Jonathan Hoefler is standing in his office on the seventh floor of the Cable Building in Noho, sipping a mug of ginger tea and telling stories about an obscure 16th-century Flemish punch cutter. His people are getting bored and wandering away to check their phones, the people he has brought here today to make sure he doesn't say anything that will harm him in the ongoing court battle that has torn apart and reconfigured this famous typography firm. But Hoefler doesn't seem to care. He's grinning through the gap in his top teeth.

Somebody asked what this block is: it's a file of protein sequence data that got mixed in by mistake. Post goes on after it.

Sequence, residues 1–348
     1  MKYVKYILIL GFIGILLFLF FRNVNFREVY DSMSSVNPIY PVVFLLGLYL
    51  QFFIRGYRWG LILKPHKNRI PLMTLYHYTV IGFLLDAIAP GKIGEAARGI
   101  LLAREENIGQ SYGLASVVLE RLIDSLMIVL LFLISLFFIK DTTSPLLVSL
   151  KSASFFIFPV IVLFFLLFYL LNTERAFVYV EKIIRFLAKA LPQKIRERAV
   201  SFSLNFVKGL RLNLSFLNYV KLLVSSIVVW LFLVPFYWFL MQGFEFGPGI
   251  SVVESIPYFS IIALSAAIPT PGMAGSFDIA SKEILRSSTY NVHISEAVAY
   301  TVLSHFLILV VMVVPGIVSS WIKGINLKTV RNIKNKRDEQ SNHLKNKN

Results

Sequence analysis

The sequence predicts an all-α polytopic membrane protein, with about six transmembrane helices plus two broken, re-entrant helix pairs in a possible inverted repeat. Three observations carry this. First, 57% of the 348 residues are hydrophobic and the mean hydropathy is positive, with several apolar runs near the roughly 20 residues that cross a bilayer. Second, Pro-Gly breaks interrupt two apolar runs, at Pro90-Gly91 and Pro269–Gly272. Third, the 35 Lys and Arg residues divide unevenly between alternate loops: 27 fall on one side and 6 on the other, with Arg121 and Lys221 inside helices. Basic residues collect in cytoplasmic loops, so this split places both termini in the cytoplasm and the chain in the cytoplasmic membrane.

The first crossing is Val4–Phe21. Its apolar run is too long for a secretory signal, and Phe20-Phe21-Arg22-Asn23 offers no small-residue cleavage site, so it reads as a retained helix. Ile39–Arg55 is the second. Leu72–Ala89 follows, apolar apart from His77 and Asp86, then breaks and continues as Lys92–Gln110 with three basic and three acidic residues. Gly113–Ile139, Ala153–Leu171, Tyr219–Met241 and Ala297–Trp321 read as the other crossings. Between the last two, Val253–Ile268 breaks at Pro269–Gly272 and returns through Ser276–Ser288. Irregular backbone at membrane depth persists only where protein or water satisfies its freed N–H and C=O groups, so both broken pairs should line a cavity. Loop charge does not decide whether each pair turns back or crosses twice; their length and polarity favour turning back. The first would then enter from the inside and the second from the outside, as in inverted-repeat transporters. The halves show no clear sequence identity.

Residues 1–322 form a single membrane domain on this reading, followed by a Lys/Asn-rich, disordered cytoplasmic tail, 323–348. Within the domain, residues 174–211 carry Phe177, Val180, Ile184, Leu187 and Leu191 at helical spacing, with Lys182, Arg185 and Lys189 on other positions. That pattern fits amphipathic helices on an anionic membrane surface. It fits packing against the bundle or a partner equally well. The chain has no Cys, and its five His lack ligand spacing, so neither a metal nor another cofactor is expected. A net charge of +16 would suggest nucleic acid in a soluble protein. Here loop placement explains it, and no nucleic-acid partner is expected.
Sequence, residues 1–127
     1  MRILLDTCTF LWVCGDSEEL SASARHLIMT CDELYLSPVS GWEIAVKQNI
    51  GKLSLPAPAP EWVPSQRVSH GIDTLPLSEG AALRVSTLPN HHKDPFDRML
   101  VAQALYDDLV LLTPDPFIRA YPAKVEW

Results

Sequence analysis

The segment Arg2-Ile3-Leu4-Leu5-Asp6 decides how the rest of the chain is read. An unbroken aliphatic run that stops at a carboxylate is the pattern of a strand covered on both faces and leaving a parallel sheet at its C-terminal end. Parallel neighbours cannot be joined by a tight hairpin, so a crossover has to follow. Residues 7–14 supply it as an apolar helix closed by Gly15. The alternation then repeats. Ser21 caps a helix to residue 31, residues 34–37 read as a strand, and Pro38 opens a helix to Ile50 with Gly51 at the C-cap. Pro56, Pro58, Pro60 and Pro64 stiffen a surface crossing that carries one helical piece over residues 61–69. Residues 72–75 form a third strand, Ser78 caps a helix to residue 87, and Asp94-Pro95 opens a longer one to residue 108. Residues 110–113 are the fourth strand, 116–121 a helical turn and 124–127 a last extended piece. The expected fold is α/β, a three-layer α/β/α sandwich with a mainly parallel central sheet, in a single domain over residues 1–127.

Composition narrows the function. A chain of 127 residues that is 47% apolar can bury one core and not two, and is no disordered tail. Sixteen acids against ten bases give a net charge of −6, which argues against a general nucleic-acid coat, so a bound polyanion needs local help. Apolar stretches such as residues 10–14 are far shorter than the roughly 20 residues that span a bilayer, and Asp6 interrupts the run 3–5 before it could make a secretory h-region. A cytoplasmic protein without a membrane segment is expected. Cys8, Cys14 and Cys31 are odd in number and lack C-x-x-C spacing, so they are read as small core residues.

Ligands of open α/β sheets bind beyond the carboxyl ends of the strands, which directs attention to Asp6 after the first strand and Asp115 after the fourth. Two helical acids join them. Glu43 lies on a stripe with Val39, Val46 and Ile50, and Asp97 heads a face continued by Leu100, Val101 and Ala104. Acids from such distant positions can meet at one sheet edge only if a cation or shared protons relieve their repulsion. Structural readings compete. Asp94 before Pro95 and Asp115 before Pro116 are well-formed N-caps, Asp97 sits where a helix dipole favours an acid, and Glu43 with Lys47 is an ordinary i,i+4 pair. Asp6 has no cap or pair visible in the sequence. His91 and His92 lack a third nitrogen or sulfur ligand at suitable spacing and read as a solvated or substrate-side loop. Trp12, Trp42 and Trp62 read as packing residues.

Hoefler picks up an antique type-specimen book and flips through page after page of the punch cutter's alphabets, explaining why the letterforms are so lovely to him. "I think it's kind of the gentle taper of these serifs," he says, running his hand reverently across a page of type. "It gives it a kind of intellectual quality." This punch cutter's name was Hendrik van den Keere, and Hoefler points to a series of small geometric shapes that dangle like Christmas-tree ornaments from the interiors of some of van den Keere's letters. Then he turns the page and points to a lowercase a. See? he says. It doesn't have the usual "ball terminal" at the upper left. Hoefler looks up. "I think that kind of controlled irregularity is what van den Keere was about."